The reveal of the new features, changes and/or omissions in each year’s edition of Football Manager is an event of great anticipation for the discerning sports game nerd like myself. What made the cut from last year? Did they finally fix that one thing that bothered me to no end? How many more shiny bits did they add to the match engine? And, most importantly, will I still be able to play as a lower-league English team using nothing but free transfers and good luck to try and eke out an existence? Thankfully, the answer to most of those questions came on October 7th as Sports Interactive released a video starring gaffer Miles Jacobson with a plethora of details on the upcoming Football Manager 2015. Check out the full video above (if you haven’t already), then read on my for reactions.
Click here to play the video review of Tropico 5.
Sunshine, lush tropical forests, a gleaming presidential palace, acres of slummy shacks and tenements interspersed with banana and tobacco plantations…is there anything quite like life as a Caribbean dictator? Probably not, which is a very good thing. Also a very good thing? Haemimont’s third kick at the Tropico can, Tropico 5. Check out my video review to see what I liked and didn’t like in the latest edition.
Ever since Will Wright changed gaming with SimCity in 1989, generations of would-be urban planners have tested their mettle against an unruly populace, natural disasters, challenging transportation infrastructure and more. The appeal of making something from nothing on a grand scale has stood the test of time (see also: Minecraft), spawning no small number of imitators, spin-offs and homages, each with their own unique appeal. The Tropico series casts you as a Caribbean dictator; the Anno series covers resource management across multiple eras; and so forth. Lest you think fun can only be found at the top end of the scale, there’s also a subset of the city sim genre that has you making something from nothing in harsh conditions, challenging environments and a scale that can generously be described as “quaint”. It is in that genre that we find Shining Rock Software’s Banished, a village sim that pulls no punches with its basic goal: stay alive.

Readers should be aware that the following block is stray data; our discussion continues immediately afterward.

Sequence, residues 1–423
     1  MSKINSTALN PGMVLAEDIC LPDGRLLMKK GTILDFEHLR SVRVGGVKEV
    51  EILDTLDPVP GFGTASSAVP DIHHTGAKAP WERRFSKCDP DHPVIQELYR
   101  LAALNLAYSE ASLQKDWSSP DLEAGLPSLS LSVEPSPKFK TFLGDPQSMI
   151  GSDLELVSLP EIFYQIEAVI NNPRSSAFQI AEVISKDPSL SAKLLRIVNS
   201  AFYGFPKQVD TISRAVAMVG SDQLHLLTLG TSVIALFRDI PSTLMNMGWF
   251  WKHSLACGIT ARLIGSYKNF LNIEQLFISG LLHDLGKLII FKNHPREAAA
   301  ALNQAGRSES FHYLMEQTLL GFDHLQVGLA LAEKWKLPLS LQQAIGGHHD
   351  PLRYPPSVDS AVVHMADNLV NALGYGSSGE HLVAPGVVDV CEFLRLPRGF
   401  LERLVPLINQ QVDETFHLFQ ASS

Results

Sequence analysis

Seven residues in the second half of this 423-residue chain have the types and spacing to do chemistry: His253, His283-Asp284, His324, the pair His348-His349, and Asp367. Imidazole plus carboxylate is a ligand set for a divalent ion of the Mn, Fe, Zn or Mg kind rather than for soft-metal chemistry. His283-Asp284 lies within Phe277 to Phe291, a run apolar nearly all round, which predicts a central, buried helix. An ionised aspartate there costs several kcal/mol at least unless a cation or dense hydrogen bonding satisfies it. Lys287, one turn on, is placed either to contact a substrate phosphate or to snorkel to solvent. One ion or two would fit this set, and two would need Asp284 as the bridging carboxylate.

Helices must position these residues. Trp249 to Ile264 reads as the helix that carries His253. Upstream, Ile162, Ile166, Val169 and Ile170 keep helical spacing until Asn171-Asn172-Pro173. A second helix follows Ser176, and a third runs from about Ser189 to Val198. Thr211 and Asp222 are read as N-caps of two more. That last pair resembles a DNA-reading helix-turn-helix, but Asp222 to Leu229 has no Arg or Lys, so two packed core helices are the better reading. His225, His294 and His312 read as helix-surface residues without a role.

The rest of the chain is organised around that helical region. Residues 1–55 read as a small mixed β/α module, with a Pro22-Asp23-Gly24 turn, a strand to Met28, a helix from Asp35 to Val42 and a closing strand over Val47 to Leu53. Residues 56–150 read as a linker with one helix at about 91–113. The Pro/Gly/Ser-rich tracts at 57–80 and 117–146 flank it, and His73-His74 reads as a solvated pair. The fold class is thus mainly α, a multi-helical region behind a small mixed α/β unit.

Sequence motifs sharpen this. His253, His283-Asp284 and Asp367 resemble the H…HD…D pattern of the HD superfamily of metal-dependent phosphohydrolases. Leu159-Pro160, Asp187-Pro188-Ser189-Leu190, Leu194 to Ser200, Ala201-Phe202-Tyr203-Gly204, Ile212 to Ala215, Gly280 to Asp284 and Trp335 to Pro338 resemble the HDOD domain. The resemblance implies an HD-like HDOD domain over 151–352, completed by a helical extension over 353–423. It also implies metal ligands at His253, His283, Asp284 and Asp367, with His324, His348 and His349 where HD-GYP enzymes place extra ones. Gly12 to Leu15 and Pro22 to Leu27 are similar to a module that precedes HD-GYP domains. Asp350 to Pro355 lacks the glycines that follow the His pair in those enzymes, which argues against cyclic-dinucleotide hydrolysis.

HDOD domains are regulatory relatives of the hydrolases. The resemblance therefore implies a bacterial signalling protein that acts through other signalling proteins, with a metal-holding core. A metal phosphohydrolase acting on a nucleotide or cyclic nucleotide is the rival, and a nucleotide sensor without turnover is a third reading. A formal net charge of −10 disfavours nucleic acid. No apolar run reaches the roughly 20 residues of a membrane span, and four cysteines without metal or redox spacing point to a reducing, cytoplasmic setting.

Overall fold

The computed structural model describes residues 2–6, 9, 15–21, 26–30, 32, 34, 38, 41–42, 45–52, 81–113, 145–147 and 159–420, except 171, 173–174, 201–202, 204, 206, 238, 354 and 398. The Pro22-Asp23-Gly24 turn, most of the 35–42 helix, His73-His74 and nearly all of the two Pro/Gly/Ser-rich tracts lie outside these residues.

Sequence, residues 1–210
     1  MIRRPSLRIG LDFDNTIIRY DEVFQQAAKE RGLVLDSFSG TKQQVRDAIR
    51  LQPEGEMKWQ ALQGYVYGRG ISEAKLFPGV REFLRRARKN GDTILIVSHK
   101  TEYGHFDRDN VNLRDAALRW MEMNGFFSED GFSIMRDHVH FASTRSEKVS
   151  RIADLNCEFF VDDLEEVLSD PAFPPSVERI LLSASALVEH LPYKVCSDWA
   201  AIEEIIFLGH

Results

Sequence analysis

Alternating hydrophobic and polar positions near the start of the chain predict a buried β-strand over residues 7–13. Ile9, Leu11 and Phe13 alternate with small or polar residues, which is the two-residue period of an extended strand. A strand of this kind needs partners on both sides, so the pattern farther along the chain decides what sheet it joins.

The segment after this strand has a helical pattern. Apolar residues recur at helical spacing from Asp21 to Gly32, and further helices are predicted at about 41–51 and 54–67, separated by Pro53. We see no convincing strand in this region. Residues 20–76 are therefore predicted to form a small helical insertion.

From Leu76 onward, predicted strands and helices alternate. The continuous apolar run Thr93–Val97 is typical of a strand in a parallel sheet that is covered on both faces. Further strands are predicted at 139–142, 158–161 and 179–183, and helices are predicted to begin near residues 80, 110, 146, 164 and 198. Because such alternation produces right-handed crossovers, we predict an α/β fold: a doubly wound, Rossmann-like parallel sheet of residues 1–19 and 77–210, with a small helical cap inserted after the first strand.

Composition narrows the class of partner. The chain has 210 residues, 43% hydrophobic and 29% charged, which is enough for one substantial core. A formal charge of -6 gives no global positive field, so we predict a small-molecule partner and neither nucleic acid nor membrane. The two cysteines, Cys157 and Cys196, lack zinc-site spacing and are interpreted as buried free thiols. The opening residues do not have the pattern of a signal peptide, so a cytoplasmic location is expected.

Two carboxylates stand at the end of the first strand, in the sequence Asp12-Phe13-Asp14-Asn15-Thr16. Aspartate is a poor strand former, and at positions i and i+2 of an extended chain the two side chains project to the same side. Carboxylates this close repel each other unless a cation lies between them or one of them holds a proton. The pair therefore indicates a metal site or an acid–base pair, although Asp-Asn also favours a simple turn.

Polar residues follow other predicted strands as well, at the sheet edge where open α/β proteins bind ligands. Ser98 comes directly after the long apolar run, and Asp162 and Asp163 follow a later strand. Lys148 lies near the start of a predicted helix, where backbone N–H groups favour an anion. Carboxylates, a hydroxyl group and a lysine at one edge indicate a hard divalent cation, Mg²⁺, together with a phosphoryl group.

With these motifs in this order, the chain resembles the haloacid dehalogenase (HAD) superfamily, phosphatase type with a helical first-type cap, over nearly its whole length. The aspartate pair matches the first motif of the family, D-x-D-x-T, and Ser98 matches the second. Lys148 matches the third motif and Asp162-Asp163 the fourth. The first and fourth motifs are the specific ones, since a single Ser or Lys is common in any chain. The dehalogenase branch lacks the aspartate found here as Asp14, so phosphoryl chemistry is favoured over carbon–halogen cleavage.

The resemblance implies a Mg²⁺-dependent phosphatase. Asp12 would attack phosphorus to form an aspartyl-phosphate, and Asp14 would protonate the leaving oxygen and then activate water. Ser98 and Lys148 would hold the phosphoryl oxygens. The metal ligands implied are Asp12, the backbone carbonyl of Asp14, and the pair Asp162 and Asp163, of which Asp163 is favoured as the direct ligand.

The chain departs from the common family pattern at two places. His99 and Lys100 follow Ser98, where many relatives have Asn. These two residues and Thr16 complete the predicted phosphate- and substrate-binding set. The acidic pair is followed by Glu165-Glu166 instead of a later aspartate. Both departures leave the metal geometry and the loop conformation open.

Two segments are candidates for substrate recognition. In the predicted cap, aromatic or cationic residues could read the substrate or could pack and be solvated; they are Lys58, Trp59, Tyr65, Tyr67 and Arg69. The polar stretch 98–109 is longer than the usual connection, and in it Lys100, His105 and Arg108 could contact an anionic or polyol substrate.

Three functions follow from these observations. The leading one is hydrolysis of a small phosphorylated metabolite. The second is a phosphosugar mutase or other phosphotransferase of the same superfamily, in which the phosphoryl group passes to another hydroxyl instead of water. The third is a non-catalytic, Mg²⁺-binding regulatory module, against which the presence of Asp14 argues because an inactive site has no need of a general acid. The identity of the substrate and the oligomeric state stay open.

My latest video interview is with a local developer, TinyMob Games, who are working on an iOS RTS game called Tiny Realms. On the surface, it looks like a Clash of Clans clone with backstory and actual unit control (gasp!)
So, actually, maybe not so much a “clone” as a “vast improvement”.
Yeah. That’s better. Click away!
Back in March, Rituro returned from his quest to explore the world of soccer and handed me an SD card with encrypted video files on it. Well, these have finally been decoded, and I have to profess that they are quite interesting. The videos are all about Sports Interactive’s Football Manager 2014, and we in the Thumbs Control Center have chosen Episode 15 as a great launch point for those of you who wish to follow along in Rituro’s mad adventures. These videos tell the story of Rituro’s journey in the world of the game, and detail a fair number of the features of this title. Episode 15 deals with a recent patch (14.3) which was a great improvement.
It’s not the most dynamic of viewing (I’m referring to the lack of actual soccer footage). However, it is highly informative for those of you who really enjoy management-style games.
In all of the subjects that I can think of that could be described as “touchy”, religion is close to the top of the list. The source of many arguments and misunderstandings, religion can be a joyous thing to talk about for some; painful for others. Recently, we were sent a set of DVDs from Twentieth Century Fox Entertainment called Little Angels, an animated series for preschoolers from executive producer Roma Downey. Roma is best known for her role in Touched By An Angel, and is also the president of Lightworks Media – a company dedicated to creating positive, uplifting entertainment.
While this is not typical fare for this site, I think it’s important to allow for representation of entertainment choices that some folks (especially parents) might find useful. As it happens, smallest thumb was asking questions about God anyway, making this a great opportunity to review these in the context of a young mind learning something new. I won’t get into the specifics of each episode (there are quite a few spread out over the DVDs); instead, I will talk about what this faith-based, educational series is like in general.